December 9, 2015
Regretfully, we are not now at home with our four children.
Whoever speaks in public during Hannukah refers to the advantages of a small light banishing a great darkness. That is clear, and we do not think that we have anything new to say on this matter, either substantively or figuratively.
Instead, we thought to use this stage you have given us to warn against lights that are too bright.
When someone, a man or group of people, are convinced they have seen the light, that everything is clear and well understood, that their way is the enlightened way, we wish to warn them and caution against them.
Lights that are too bright – burn. When people carry torches that are too big – either virtual, let alone real ones – serious fires break out, and we all know what happens when ideas and opinions go up in flames.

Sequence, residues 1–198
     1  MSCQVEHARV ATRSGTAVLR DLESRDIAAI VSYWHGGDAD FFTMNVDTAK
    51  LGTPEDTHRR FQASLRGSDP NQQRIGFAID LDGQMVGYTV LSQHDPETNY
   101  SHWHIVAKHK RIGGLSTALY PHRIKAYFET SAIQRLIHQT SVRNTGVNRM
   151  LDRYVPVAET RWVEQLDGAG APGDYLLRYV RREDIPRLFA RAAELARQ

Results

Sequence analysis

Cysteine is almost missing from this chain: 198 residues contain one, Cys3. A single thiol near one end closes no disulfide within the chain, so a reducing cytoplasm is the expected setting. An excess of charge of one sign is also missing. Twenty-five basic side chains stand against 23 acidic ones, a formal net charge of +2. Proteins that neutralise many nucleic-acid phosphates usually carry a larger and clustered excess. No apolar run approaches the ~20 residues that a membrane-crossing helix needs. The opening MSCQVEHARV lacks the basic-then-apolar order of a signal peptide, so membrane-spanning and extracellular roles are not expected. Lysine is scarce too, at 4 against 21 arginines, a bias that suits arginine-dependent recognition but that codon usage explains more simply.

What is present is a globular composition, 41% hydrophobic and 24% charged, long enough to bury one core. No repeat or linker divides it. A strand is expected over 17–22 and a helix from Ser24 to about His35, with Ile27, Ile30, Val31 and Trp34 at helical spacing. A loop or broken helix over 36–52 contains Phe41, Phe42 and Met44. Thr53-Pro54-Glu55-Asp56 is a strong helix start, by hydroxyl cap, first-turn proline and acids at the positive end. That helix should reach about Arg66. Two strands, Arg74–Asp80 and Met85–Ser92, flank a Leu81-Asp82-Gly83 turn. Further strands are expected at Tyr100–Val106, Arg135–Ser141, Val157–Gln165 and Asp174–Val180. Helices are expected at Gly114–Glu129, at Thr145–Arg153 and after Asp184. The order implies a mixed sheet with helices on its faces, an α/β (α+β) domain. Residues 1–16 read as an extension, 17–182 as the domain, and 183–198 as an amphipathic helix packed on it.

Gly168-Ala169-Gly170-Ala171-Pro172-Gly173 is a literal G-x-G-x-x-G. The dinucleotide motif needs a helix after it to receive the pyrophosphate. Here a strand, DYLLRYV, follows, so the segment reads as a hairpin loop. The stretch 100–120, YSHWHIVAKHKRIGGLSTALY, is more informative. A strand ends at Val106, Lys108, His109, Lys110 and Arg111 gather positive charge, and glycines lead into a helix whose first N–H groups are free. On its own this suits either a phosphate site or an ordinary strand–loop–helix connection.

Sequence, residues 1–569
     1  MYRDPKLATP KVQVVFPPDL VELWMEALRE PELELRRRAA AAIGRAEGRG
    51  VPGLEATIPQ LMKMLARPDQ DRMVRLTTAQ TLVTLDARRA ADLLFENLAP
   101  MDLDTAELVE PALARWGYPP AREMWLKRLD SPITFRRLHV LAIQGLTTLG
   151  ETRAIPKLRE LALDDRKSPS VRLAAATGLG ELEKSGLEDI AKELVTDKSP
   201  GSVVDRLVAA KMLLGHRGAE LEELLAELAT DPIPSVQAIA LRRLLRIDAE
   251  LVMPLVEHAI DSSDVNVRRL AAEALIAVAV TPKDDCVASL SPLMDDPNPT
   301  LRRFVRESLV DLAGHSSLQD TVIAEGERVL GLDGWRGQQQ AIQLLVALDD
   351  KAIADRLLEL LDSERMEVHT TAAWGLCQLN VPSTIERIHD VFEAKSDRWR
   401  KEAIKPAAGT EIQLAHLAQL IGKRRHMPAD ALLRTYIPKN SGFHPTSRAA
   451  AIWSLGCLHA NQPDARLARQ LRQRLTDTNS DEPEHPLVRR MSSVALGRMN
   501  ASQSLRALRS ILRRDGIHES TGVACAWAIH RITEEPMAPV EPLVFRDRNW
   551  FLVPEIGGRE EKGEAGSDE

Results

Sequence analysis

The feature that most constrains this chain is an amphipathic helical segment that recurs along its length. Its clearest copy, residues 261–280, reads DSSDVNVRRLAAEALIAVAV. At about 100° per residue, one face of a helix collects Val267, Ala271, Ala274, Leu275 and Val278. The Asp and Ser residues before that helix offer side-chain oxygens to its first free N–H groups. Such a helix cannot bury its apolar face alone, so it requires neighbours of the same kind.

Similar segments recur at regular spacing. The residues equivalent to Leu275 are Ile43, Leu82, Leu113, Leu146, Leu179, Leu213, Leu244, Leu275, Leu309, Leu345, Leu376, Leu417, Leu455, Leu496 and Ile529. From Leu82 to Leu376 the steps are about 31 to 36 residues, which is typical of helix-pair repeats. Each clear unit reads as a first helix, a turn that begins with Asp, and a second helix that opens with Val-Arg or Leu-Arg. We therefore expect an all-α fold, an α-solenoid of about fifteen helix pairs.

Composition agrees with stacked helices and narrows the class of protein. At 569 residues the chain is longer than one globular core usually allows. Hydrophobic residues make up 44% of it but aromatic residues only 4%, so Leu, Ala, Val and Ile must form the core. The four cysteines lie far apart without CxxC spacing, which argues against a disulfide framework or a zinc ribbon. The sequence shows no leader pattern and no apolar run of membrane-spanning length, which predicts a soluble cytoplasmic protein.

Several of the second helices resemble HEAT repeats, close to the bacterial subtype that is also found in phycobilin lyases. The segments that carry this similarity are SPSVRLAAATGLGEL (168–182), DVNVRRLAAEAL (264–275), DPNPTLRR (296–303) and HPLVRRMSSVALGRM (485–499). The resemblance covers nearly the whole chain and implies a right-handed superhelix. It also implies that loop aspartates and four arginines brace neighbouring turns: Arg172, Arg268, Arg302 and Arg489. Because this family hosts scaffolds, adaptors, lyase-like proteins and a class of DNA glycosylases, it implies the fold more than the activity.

The murderer of our daughter was convinced of his path and was sure that his evil deed would shine a great light on Jerusalem. But it was a fire that taught us how much darkness is in the hearts of those who carry it.
Had the fire that the murderer, his supporters, and inciters sought to ignite been smaller, had there been a place in their hearts for doubt, had they looked a little farther than the tips of their noses – beyond the circle of mendacious fire they had lit and which blinded them – we would be lighting the candles with all four of our children today.
We are here, and all we have left to do is warn against lights that are too bright, against the exaggerated assurance in the justice of the cause, against the willingness to ignite a fire that will burn others and keep the darkness intact.
Thank you for seeing fit to remember and commemorate, and thank you for inscribing our Shira in your hearts.
We wish you all a Happy Hannukah and to emerge from the darkness to a great light.